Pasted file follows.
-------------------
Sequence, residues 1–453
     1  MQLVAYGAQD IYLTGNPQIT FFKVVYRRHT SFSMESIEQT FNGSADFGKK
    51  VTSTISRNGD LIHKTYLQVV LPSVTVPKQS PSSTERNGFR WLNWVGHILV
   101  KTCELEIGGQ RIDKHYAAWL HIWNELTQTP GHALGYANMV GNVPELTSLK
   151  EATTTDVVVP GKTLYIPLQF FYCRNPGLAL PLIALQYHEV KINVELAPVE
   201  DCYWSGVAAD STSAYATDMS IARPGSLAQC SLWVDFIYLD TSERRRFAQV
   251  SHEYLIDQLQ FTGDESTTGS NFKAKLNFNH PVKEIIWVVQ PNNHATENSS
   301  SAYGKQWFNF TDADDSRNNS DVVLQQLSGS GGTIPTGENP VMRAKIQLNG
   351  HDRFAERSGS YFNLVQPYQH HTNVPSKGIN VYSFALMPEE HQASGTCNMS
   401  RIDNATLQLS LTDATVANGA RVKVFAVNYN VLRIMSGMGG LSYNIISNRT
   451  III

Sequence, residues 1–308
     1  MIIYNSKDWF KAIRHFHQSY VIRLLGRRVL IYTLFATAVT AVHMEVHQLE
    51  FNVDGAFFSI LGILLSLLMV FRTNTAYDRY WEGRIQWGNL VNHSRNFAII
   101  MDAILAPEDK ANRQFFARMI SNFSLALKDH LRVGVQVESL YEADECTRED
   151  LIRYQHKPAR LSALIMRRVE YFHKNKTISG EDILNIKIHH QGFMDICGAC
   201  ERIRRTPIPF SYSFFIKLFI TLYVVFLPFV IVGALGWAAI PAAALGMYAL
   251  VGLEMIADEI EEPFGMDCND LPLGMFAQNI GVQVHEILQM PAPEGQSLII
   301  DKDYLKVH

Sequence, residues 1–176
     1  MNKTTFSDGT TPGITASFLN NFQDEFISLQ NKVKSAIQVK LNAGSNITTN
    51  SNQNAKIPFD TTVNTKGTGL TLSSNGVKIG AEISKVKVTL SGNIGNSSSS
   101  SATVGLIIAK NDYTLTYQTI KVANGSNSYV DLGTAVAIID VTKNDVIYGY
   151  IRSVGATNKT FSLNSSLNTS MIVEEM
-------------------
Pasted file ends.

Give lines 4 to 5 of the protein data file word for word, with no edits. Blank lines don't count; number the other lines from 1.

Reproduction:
   101  KTCELEIGGQ RIDKHYAAWL HIWNELTQTP GHALGYANMV GNVPELTSLK
   151  EATTTDVVVP GKTLYIPLQF FYCRNPGLAL PLIALQYHEV KINVELAPVE